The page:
HALF THE WAY HOME: A Momoir of Father nnd Son. By Adam Hochschild. Viking. 197 pp. $15.95.

It would be easy to dismiss Adam Hochschild's memoir of his life with his father as just another sad tale of a poor little rich boy. But Half the Way Home is no Little Gloria Happy at Last. Instead it is a touching story of the tragic misconnection between a vulnerable young boy and his rigidly patriarchal father.

Harold Hochschild -- the German Jewish head of American Metal Climax, a powerful mining company -- and his wife, a WASP socialite, both married extremely late in life and had one son, Adam. While mother and son doted on one another, this particular father dominated the family as well as his son's psyche. Treating the child either like one of the many employes he had to oversee and constantly chastize, or a business associate who had to be taken to the requisite number of lunches and dinners before the closing of a deal, Harold Hochschild instilled only terror in his young son.

A scion of the upper class, Adam Hochschild should have enjoyed a legacy of power. Instead, it was powerlessness. As a boy he was the victim of the kind of psychosomatic illnesses that mark unconscious rebellion. And as a grown man, he did all he could to distance himself from his father's world. Instead of becoming the mainstream politician his father dreamt of, he became a '60s radical and helped found Mother Jones Magazine.

But Half the Way Home isn't only a story of flight. It's also a story of a son's reconciliation with his father. For when Adam Hochschild became a father himself, he was able to learn to accept his father's need to control, without allowing himself to be its victim. And finally, in a last rite of affection, he learned to love his father as he tended him through his final illness. FAMILY SECRETS: A Writer's Search For His Parents And His Past. By David Leitch. Delacorte. 242 pp. $17.95.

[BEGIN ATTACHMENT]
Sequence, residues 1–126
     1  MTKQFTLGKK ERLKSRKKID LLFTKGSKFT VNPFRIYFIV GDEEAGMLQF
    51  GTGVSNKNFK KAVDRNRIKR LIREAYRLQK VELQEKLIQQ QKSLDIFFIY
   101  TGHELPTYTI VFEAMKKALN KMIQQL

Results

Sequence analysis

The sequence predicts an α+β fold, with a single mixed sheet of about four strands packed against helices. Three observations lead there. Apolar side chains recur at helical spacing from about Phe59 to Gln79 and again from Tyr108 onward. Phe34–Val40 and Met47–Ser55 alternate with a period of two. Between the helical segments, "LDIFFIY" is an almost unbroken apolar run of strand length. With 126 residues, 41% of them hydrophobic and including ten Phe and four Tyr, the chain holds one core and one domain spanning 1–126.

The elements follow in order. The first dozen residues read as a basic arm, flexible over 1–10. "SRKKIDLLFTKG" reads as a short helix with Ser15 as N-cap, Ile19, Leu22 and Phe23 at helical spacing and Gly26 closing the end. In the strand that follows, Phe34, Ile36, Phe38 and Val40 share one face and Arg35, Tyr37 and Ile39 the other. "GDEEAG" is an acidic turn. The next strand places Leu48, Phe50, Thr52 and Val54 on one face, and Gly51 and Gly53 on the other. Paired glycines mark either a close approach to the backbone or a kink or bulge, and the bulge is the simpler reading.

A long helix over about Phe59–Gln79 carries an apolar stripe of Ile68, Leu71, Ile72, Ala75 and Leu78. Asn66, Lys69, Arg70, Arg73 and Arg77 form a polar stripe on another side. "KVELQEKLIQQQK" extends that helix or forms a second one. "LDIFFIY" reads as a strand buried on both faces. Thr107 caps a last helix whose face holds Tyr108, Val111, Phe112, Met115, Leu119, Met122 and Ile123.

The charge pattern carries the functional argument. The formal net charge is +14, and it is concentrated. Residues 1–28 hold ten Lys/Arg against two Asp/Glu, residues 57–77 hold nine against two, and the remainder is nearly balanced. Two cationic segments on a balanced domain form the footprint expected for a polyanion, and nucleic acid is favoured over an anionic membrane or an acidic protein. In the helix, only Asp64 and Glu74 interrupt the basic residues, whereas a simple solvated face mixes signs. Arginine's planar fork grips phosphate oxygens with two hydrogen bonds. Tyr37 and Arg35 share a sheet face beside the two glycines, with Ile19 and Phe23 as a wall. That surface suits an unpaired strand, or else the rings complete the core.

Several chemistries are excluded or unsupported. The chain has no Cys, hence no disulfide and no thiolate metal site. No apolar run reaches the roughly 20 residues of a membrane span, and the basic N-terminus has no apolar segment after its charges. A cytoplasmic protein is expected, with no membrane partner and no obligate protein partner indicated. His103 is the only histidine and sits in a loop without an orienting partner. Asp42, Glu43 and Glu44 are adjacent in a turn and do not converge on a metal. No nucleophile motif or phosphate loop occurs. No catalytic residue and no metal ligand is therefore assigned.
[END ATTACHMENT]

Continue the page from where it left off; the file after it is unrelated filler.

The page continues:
If Hochschild's memoir is one that moves its reader to compassion, David Leitch's Family Secrets moves the reader to dismay. Leitch, a British journalist who has written much about his efforts to find his biological parents, tells, in this book, of his ultimate success. The book is billed as an absorbing family mystery. But the only mystery it contains is why we should care about a story so coolly told. And why Leitch himself cared a jot for the biological mother he eventually found.

This cold, calculating, deceptive woman evokes no sympathy whatsoever. Almost as soon as Leitch finds her, she dies as secretively as she lived. But just when you think, you can get away from this oddly assorted mother and son, the mystery thickens. We discover that Leitch's mother hid from him his half-sister, whom he tracks down. But when they meet, no hearts pound or pulses quicken. And, when the plot becomes clotted cream and the newly united siblings find that their mother hid from them a third child who is presumably drifting around England, you hope that their inconclusive search for the missing sister -- or is it a brother? -- won't produce a sequel. MOTHERS TALKING: Sharing the Secret. By Frances Wells Burck. St. Martin's 265 pp. $15.95.

This next book looks at parenting from the parents' rather than the child's vantage point. Mothers Talking consists of a series of interviews with mothers of every variety. There is a heavy overlay of the Yuppy Older Mother going crazy trying to adjust to having a child as well as a career; there are a few selections on low-income women, some offerings by women who have adopted, and finally some from women who prove that you can, in fact, survive mothering and be rewarded by the joys of grandmothering.

For someone who has just had a child, there is a certain resonance in the candid discussions of the mix of ambivalent emotions -- love, fear, frustration, loneliness, exasperation, delight, despair -- that are the roller coaster ride of parenting. And there is a great deal of talk about the one thing all mothers seem to have in common no matter what their class or style of mothering. That is, of course, guilt -- the terrible feeling that no matter what you do, you're doing it wrong, and that no matter how much you give, you're not giving enough.